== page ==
The Queen's Weapons (The Black Jewels #11) by Anne Bishop



PROLOGUE




            Tersa drooped on the stool in front of her worktable. Her brown hands trembled as she pushed her tangled black hair away from her face. Her gold eyes, dulled by fatigue, stared at the latest tangled web of dreams and visions that she had woven in an effort to understand the uneasiness that kept scratching at her. It would go away for days, sometimes weeks, and then it would return. Scratching and scratching. Daring her to remember a life best forgotten for everyone’s sake. For her own sake most of all.

            With this latest web, she could almost see . . . something. But the truth of it eluded her, as so many things eluded her. Simple things. Ordinary things. Some days her body and most of her mind were present in Halaway, the village where she lived. Some days she looked at the decorated cakes in the bakery window and saw cakes. Then there were other days when she saw fragmented memories of other windows, other cakes full of sharpness and pain and screams.

            Perhaps the cakes had held those things. Perhaps not. Sometimes it was difficult to tell one thing from another because she was a broken Black Widow—and a shattered crystal chalice.

            The breaking had been done to her, the savage rape destroying her potential and turning her into another witch whose power had been broken by a man’s spear. But the shattering that had fragmented her mind and left her forever wandering the roads in the Twisted Kingdom? That had been her choice in order to regain the Hourglass’s Craft. She had done it in order to see, to give warning and hope to her boy and the winged boy.

            So many years had passed since the night when she had told Daemon Sadi and Lucivar Yaslana that Witch was coming. So much had happened—joy and pain, sorrow and celebration.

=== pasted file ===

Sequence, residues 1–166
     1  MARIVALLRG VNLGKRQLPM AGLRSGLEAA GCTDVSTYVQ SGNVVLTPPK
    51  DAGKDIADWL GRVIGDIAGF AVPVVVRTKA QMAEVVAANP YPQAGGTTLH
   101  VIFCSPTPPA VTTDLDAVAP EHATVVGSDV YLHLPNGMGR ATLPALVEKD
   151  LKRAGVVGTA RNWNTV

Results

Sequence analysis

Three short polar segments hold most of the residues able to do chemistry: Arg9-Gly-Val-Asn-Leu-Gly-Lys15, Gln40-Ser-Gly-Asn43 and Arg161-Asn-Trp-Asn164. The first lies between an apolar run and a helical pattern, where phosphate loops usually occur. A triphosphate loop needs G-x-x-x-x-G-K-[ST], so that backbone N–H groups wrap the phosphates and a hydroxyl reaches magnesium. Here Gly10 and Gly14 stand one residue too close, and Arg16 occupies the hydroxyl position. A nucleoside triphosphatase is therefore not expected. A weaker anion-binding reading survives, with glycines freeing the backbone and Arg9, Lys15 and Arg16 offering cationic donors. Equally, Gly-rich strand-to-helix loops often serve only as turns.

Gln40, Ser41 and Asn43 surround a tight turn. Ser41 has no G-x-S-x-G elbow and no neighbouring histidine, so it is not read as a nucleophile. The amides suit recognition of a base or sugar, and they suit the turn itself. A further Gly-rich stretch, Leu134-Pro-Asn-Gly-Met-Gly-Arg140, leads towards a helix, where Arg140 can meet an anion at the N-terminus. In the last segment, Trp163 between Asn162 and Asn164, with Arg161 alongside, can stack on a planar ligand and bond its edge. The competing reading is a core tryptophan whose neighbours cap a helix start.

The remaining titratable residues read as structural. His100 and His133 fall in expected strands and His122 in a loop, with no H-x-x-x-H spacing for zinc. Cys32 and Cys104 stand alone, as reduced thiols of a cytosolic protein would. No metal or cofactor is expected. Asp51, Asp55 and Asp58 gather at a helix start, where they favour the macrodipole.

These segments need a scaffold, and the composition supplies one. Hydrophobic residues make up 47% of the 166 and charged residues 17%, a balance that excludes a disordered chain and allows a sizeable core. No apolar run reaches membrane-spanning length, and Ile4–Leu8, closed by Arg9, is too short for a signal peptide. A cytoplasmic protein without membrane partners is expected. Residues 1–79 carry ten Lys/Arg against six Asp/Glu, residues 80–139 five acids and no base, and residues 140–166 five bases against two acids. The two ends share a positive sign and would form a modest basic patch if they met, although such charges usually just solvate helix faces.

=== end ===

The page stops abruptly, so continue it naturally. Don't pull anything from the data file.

And now . . .

            Tersa closed her eyes and let herself slide away from the border between sanity and the Twisted Kingdom. There was often clarity in madness.

            She followed a familiar road, stopping when the road began to fragment into paths that might hold the answer—or might hold some terrible memory. As she stood before those paths, knowing she could lose her way and never find the road back to the border, back to her boy, she wondered if all the pain and sorrow, if all the prices that had been paid, had been for nothing.

            *I am Tersa the Weaver, Tersa the Liar, Tersa the Fool.* She spoke the words she’d said once before, sent those words into the Darkness on a braided thread of power and madness.

            A midnight voice, rising from deep in the psychic abyss that was part of the Darkness, replied, *Not a liar, and not a fool.*

            *Something’s coming, but I cannot see.* She wondered if her ability with the Black Widow’s Craft, the ability she’d paid for with her sanity, was fading. Failing.

            *Even if you can hear the sound of a man’s feet marching on the road, can you see him when he’s still on the other side of a hill?* Witch asked.

            She considered that for a moment. *Not until he reaches the crest of the hill and becomes visible.*

            *Well, then?*

            Tersa looked at the fragmented paths that would fragment into more paths that would fragment into even more paths. So easy to get lost in the fragments, where yesterday might be tomorrow. So hard to remain close to the border and its noisy, everyday living.

            But her boy needed her. The winged boy needed her. Even the girl, the assassin, needed her.

            *You will help the boy?*

            *I will help him.*

            Turning away before she couldn’t resist the lure of following just one of the fragmented paths, Tersa began the climb back to the border of the Twisted Kingdom.

            She opened her eyes and grabbed the edge of the worktable as she swayed on the stool, adjusting to the harsh return to the tangible world. As soon as she felt steady enough, she disposed of the tangled web and cleaned the wooden frame that had anchored all the threads of spider silk. Then she locked her tools and supplies in their trunk before tidying up her worktable. When everything was in order, she left the workroom she’d created in the attic of the cottage she shared with the Mikal boy, locking the door before going downstairs.